“Jesus summoned them and said to them, 'You know that those who are recognized as rulers over the Gentiles lord it over them, and their great ones make their authority over them felt. But it shall not be so among you. Rather, whoever wishes to be great among you will be your servant' ” (Mark 10:42-43).
Don’t believe you are up to the job? Just ask for help:
• Luke 11:9-10 (Ask and you will receive; seek and you will find; knock and the door will be opened.)
Finally, for further inspiration, check out the biblical prophets. Here’s an example from one who knew how to boil things down to the essentials: “What the Lord requires of us is this: to act with justice, to love tenderly, and to walk humbly with our God” (Micah 6:8).
• The Imitation of Christ by Thomas à Kempis has been inspiring Christians for centuries. Learn more and pick up a copy today.
Dating while discerning depends a lot on where you are in your discernment. If you are looking at your life and trying to figure out what path would best help you become fully who you are, then I encourage you to explore the possibilities! Date, visit religious communities, do a year of service, try out a new job, and go where you feel alive.
Do these things responsibly of course. Be honest with the person you are dating and be honest with yourself. As you continue to explore, you will find that some of your choices feel more in sync with how you want to be in the world and how you feel God is calling you. That’s the time when you might begin to focus yourself and your search.
If you are at a point in your life where you have explored many options and are ready to commit yourself more fully to one pathway and give yourself to pursuing God in that manner (whether it is a relationship or ministry or way of life), then you will have to make serious choices in regard to the possibilities you have been exploring.
Becoming a member of a religious community or a hermit or a priest doesn’t magically happen on the day you enter. It occurs gradually because you’ve already begun to make choices in your life that resonate with consecrated life. You aren’t dating because “you are not supposed to do that in discernment” but because it’s not where you feel most alive to your calling from God. That doesn’t mean that a relationship was no good or wrong, only that you want to pursue wholeheartedly another way of being for God.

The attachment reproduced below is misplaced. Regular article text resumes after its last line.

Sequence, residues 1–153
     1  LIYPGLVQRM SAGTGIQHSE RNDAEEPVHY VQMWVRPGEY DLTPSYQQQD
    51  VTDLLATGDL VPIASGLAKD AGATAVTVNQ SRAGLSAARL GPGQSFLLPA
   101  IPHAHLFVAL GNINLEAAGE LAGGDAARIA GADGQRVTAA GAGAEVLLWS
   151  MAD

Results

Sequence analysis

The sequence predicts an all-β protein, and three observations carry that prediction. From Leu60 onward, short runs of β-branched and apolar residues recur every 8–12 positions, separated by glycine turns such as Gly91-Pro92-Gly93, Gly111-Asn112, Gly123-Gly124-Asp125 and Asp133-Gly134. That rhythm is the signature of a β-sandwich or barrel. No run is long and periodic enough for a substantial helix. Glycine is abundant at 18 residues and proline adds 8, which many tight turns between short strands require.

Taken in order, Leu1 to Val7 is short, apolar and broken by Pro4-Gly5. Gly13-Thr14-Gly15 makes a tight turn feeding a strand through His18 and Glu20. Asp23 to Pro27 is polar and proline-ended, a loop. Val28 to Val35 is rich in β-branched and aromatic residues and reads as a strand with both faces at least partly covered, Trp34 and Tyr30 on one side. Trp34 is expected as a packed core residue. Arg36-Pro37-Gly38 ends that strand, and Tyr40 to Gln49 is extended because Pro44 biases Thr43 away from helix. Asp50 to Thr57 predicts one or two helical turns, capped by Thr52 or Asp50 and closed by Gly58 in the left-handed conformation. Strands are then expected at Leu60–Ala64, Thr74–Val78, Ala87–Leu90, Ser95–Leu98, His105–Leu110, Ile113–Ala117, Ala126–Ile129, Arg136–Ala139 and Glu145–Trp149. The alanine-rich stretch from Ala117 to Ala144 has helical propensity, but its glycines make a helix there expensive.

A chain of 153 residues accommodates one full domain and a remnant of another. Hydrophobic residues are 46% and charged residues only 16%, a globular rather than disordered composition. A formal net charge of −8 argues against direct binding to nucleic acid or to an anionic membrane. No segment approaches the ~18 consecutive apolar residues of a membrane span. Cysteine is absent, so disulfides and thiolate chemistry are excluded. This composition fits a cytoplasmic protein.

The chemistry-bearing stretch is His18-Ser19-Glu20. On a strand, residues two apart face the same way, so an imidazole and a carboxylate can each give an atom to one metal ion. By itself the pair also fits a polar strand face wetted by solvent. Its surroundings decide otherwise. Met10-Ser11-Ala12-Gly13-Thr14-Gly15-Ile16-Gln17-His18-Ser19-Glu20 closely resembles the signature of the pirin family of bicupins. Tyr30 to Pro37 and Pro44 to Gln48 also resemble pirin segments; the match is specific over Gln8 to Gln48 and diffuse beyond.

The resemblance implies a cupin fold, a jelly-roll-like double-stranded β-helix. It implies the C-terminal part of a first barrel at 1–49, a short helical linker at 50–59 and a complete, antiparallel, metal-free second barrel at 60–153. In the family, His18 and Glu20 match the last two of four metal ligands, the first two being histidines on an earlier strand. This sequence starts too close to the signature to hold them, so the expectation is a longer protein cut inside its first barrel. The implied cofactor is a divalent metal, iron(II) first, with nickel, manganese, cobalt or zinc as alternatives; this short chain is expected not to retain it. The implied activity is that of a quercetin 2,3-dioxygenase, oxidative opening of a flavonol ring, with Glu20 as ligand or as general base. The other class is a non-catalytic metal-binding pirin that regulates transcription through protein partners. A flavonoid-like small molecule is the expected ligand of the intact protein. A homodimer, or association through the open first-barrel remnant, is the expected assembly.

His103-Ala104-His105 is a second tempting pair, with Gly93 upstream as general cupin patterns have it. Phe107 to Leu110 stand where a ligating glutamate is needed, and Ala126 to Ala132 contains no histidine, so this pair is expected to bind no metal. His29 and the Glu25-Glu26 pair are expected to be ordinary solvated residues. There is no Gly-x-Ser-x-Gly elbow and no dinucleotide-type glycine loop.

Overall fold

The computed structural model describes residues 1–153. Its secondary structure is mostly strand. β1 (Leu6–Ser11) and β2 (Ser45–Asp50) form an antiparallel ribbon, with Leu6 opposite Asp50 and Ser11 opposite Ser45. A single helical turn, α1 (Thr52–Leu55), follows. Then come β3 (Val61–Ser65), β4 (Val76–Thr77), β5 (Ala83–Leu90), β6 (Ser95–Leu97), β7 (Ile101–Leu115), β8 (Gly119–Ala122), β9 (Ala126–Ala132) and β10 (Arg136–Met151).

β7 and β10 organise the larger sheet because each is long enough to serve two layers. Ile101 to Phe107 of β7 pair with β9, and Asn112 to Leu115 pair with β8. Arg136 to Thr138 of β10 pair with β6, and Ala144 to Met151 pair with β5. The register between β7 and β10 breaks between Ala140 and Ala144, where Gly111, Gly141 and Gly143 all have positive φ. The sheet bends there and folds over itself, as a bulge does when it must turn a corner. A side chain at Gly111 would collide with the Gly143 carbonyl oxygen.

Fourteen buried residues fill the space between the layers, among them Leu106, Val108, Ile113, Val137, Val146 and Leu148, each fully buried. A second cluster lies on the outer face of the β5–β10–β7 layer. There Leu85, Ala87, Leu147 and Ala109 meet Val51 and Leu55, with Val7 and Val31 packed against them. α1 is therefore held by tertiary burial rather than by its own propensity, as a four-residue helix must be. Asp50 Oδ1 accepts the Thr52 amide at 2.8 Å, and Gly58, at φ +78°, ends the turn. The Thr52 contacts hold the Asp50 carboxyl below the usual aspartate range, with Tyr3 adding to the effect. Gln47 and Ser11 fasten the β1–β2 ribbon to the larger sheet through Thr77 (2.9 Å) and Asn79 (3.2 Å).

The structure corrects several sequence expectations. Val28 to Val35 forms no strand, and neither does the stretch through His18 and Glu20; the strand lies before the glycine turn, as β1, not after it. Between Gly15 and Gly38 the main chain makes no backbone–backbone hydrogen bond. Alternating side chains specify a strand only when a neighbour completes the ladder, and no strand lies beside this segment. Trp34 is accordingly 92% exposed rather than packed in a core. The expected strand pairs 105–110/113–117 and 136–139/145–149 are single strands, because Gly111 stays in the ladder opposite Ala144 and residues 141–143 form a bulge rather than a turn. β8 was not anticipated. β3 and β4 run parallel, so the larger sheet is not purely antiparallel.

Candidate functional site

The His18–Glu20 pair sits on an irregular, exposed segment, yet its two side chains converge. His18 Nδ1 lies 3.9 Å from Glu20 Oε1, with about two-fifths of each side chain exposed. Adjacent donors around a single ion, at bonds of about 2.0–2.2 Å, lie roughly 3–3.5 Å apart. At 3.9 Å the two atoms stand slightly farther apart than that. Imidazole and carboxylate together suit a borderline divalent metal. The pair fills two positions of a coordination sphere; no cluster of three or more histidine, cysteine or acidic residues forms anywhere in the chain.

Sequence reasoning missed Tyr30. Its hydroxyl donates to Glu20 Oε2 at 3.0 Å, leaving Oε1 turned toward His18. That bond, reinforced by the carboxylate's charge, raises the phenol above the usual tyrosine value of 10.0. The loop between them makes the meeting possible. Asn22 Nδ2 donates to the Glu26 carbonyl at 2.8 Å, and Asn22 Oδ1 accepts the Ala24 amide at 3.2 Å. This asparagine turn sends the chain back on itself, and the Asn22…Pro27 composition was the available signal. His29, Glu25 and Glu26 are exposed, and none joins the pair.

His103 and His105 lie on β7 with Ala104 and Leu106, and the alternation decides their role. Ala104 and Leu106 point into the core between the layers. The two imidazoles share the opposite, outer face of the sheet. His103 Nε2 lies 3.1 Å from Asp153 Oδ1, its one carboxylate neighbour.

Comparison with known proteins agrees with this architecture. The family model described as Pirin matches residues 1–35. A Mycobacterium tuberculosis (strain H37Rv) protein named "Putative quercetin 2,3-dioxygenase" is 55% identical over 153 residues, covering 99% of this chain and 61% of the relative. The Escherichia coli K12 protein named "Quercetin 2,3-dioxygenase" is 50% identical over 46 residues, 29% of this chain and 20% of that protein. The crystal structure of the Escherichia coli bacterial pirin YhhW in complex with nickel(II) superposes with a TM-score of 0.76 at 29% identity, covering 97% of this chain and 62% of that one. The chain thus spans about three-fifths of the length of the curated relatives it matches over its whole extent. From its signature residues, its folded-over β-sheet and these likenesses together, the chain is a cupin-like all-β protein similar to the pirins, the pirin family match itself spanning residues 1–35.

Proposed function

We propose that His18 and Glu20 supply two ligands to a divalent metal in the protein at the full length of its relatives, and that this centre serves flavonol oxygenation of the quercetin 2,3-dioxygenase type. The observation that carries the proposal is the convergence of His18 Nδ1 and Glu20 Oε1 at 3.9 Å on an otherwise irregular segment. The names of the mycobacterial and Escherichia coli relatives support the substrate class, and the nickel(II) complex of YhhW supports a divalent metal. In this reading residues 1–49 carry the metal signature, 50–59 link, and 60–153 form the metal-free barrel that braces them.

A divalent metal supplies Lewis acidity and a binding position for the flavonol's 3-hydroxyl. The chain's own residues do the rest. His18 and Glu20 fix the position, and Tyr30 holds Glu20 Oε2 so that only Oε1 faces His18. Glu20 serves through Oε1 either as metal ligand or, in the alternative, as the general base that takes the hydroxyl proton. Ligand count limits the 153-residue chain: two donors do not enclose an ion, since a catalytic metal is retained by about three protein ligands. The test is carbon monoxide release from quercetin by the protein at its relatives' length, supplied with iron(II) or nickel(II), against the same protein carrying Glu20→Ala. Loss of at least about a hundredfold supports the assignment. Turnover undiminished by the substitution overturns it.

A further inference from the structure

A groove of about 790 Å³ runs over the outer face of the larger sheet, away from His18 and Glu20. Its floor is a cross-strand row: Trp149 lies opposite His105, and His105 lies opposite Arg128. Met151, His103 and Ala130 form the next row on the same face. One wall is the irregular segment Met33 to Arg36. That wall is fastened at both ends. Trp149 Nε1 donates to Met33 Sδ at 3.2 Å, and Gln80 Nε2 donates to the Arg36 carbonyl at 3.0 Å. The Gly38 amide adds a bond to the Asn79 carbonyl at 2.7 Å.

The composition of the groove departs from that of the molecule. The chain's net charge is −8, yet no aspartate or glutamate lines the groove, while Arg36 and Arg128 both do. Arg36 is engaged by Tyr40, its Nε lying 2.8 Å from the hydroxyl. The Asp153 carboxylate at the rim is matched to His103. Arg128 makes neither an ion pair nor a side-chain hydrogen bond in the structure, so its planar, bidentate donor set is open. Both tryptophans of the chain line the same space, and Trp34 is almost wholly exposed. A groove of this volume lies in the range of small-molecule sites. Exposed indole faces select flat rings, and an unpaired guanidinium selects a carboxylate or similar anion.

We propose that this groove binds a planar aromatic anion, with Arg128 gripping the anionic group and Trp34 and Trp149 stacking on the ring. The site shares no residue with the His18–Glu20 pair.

My prayers are with each of you who are called to find their way in the midst of relationships, commitments, and longings. I highly recommend that you have a good spiritual director who can help you navigate these waters and remain true to yourself and God.
A spiritual director is a wonderful companion on your life’s journey. Whether you are discerning your vocation or want to tune in to how God is moving in your life, a spiritual director can help you along the way. There are a number of things to consider when looking for a spiritual director.
First, think about the reasons why you are drawn to spiritual direction. What are some of the spiritual or life questions that are on your mind and in your heart? What are some of the significant landmarks of your faith journey?
Second, what are important characteristics of a spiritual director that attract you? Do you prefer a female or male director, someone from your own faith tradition, someone with a sense of humor or familiarity with a particular spirituality or culture?
Third, check out the spiritual directors in your area. Start by asking around and seeing if a leader at your parish or a school chaplain can recommend any spiritual directors. You can also contact local retreat centers. Most will have certified spiritual directors on staff. Attending a retreat led by a spiritual director can be a good way to see if you are comfortable with a person before making a one-on-one appointment. You might also check with local theology schools or religious communities to see if they have a list of spiritual directors. A good resource is Spiritual Directors International which has a “Seek and Find” guide as well as a number of resources on spiritual direction and discernment.